I was planning on making falafel next week. Since I still haven’t gotten a food processor and I love using the wrong tool for the job I was thinking about using the new camera to mash up the chickpeas this time. That should work. I mean it wouldn’t hurt, right?


Broccoli Nonsense – A Recipe

I’ve heard some people claim that cooking is difficult. I don’t know what they’re talking about, because in my house cooking is a breeze. All you have to do is throw a bunch of stuff in a pan, give it a name, and serve it with a smile. The throw-stuff-in-a-pan part I learned from watching The Food Channel. They try to make it look more complicated than it is, trust me. The give-it-a-name part I learned from my mother who would do things like throw a bunch of blue cheese dressing in the wilted leftover salad she originally served two days ago and call it Blue Cheese Chop.
The other day I invented a brand new dish that I’m loving called Broccoli Nonsense. Since I know you’re dying to know my cooking secrets, I’ve decided to share the recipe with you.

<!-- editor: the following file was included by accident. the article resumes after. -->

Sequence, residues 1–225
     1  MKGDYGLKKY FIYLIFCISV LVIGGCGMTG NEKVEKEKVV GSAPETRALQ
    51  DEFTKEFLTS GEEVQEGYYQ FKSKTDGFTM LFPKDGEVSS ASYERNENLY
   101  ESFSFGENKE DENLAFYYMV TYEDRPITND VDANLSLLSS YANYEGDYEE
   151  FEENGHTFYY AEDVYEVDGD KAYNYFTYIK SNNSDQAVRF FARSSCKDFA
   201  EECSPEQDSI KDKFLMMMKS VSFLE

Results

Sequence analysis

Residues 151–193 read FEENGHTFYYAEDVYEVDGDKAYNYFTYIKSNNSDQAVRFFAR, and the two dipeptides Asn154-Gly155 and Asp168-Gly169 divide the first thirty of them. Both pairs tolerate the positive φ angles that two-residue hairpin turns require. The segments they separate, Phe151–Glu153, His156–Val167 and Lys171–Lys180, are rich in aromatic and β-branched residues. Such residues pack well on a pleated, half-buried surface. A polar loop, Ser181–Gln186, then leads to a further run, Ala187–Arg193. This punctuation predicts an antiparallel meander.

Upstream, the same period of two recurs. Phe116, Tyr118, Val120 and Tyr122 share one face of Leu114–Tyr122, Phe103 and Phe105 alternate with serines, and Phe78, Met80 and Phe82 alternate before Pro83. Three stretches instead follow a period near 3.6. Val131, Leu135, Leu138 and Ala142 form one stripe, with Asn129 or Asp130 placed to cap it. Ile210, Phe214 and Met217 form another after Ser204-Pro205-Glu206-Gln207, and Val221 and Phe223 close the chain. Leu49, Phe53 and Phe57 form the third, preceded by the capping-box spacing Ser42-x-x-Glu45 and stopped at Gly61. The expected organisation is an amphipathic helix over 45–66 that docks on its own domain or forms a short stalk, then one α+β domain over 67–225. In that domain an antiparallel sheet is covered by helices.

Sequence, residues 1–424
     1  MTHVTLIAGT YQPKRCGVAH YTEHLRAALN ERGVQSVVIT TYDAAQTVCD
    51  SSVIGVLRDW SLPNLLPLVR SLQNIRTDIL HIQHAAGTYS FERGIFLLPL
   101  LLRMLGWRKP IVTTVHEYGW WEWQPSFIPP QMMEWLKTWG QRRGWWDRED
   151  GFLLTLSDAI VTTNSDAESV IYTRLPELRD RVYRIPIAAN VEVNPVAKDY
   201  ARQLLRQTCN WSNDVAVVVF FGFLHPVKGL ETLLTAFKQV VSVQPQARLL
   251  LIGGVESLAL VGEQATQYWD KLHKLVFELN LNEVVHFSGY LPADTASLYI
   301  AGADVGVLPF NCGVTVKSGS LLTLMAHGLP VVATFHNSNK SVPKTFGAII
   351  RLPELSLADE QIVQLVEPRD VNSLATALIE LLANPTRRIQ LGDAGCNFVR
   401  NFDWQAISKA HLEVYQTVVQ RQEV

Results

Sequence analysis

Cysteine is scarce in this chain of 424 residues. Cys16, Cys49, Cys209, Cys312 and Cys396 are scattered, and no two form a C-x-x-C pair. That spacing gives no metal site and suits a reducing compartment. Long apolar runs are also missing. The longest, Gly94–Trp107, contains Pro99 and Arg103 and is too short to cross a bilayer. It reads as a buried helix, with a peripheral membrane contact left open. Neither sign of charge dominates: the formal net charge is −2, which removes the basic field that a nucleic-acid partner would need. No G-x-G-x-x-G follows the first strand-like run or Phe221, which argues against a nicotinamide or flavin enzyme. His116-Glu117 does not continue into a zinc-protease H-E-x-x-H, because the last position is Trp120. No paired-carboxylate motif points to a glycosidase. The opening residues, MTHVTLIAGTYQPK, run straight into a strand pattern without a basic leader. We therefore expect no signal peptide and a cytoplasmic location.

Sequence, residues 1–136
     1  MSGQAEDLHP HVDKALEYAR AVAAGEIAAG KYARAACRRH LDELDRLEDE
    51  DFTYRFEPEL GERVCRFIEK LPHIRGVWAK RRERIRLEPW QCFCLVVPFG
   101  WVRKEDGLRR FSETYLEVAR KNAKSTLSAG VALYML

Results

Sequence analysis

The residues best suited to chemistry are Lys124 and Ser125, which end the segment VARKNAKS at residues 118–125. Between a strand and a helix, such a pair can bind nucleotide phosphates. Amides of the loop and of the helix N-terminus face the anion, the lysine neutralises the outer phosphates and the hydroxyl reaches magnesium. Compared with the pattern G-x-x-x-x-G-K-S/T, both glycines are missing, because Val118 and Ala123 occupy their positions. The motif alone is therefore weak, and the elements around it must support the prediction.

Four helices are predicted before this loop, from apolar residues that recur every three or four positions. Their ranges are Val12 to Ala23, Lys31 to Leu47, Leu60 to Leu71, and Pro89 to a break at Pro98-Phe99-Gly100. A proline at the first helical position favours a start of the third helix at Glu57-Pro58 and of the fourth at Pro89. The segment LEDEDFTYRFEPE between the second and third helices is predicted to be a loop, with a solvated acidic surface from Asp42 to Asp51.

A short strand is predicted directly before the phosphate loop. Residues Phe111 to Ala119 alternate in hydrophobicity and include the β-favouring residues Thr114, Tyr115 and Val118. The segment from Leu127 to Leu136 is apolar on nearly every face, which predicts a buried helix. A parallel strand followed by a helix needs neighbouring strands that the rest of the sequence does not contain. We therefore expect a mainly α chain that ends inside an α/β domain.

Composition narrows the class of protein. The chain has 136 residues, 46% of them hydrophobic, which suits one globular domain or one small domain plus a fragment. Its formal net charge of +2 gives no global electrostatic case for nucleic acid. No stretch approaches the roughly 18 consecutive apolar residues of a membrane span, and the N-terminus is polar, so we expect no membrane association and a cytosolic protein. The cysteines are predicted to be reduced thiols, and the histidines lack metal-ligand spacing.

First find some forgotten broccoli in the vegetable drawer that has seen better days. Wash it, and cut it up. Now use a dull knife to attempt to cut up two plum tomatoes and end up squashing them on the cutting board instead. Put a skillet on the stove and turn the burner on high. Cut up an onion in large uneven chunks. Put some butter in your hot pan and panic as the butter immediately starts to burn. Take the pan off the burner, turn down the heat to medium, and put your onion chunks in the pan. Let the onion chunks cook as you stare at the spice rack wondering what kind of spices you should use. I went with black pepper, dried basil, and dried parsley, but you should use whatever suits your fancy. I’d suggest staying away from cinnamon though. Trust me, cinnamon and broccoli are a bad combination.